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Teens Drinking Less, but Smoking Pot More


 

FROM A PRESS CONFERENCE SPONSORED BY THE NATIONAL INSTITUTE ON DRUG ABUSE

Daily cigarette smoking and binge drinking among American teenagers declined over the past year, but the use of marijuana and the abuse of prescription drugs remain a problem, data from the 2011 Monitoring the Future survey have shown.

The National Institute on Drug Abuse (NIDA) announced the survey findings Dec. 14 at a press conference.

The survey found that daily cigarette use, which peaked in the mid- to late 1990s, continued to drop in the past year; 2.4% of 8th graders, 5.5% of 10th graders, and 10.3% of 12th graders reported daily smoking. However, the decline in smoking has slowed in recent years, the researchers said in a press release. "These levels remain too high given the significant morbidity and mortality associated with tobacco use," they said.

Alcohol use, particularly binge drinking, declined significantly among all three age groups over the last 5 years, to a 2011 prevalence of 6.4% of 8th graders, 14.7% of 10th graders, and 21.6% of 12th graders. Binge drinking was defined as five or more drinks in a row in the last 2 weeks.

The use of marijuana among teens climbed in 2011 for the fourth straight year, the survey found. In 2011, 12.5% of 8th graders, 28.8% of 10th graders, and 36.4% of 12th graders reported past-year use of marijuana. These numbers were not significantly different from the 2010 rates. However, the 5-year trends show increases in daily, current, and past-year marijuana use by 10th and 12th graders. The increases might be attributable, in part, to a decline in the perceived risk associated with marijuana use, the researchers suggested. For example, more high school seniors reported marijuana use than smoking cigarettes in the past 30 days (22.6% vs. 18.7%).

The use of marijuana among teens climbed in 2011 for the fourth straight year, the survey found.

In addition, the 2011 survey included first-time data on the use of synthetic marijuana, called K2 or "spice," among high school seniors. About 11.4% of high school seniors reported using spice during the past year. Earlier this year, the Drug Enforcement Administration declared many of the chemicals used in such products as schedule I drugs and deemed them unsafe for at least a year. In addition, at least 18 states have banned synthetic marijuana. "Next year’s results should tell us a lot more about how successful these new control efforts are," Lloyd D. Johnston, Ph.D., research scientist at the Institute for Social Research at the University of Michigan and lead investigator of the survey, said in a statement. "We know that the great majority of those who have used synthetic marijuana also used medical marijuana during the year, as well as a number of other drugs."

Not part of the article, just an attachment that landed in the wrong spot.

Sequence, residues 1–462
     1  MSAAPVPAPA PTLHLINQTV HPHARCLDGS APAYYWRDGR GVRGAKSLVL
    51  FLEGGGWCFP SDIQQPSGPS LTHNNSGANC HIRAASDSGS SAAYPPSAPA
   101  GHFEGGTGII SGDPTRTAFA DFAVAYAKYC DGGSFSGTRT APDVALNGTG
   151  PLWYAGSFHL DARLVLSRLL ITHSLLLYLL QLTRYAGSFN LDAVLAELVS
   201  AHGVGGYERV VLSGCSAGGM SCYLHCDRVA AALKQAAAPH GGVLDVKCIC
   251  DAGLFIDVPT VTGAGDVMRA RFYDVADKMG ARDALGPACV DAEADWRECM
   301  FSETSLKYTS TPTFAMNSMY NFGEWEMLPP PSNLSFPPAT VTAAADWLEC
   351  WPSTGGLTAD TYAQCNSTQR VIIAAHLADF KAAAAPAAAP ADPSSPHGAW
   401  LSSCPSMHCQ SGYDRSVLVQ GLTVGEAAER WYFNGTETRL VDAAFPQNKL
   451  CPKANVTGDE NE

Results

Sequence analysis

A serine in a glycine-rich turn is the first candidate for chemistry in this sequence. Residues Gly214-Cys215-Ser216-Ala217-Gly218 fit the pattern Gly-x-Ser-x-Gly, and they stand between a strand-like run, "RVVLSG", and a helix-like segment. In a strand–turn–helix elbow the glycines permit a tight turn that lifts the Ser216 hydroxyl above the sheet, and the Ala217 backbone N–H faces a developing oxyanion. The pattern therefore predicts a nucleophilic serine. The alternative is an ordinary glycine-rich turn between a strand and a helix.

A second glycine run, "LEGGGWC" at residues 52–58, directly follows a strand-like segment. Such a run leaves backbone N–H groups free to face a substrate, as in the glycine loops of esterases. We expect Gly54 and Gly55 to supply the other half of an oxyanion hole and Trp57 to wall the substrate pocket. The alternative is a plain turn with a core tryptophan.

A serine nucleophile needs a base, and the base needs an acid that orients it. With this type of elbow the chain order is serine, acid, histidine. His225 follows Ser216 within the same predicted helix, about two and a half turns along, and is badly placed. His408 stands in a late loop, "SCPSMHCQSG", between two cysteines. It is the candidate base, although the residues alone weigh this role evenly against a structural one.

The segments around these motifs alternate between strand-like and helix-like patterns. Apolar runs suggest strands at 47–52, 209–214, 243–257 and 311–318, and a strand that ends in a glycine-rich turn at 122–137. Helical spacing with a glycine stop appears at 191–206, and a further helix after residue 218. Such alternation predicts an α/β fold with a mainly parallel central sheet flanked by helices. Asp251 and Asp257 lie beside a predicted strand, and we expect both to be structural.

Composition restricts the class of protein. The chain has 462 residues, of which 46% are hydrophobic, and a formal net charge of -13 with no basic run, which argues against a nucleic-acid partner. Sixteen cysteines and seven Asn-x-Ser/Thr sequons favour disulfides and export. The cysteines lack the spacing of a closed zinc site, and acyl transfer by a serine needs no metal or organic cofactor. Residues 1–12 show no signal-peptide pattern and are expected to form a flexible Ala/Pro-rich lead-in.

Prescription and over-the-counter (OTC) medications account for most of the drugs abused by 12th grade students in the past year. Nonmedical use of OxyContin remained stable across grades 8, 10, and 12, and amphetamine use increased among 12th graders, to 8.2% in 2011 from 6.6% in 2010. Nonmedical use of Vicodin remained stable among seniors, but declined among 10th graders, from 7.7% in 2010 to 5.9% in 2011.

In response to the persistent trends in prescription drug abuse, NIDA unveiled its PEERx campaign, a prevention effort that seeks to educate young people about the dangers of prescription drug use in an engaging way. The teen-friendly site features a "mixer" that shows teens what can happen if they combine prescription drugs with different activities. For example, the equation "Hot Date plus Adderall" equals a photo of a frustrated girl who comments: "He took some Adderall and got more into the video game than into me. Some date!" The site also explains the science behind drug abuse, and includes interactive videos that allow teens to make different choices about illicit use of prescription drugs in various situations (such as taking a stimulant the night before a big test) and view the possible outcomes.

The annual Monitoring the Future survey tracks annual drug abuse trends among U.S. teenagers via responses from 8th, 10th, and 12th grade students to questions about drug use, including attitudes and perceived risks. About 47,000 students participated in the 2011 survey. The lead investigators are all affiliated with the University of Michigan’s Institute for Social Research.

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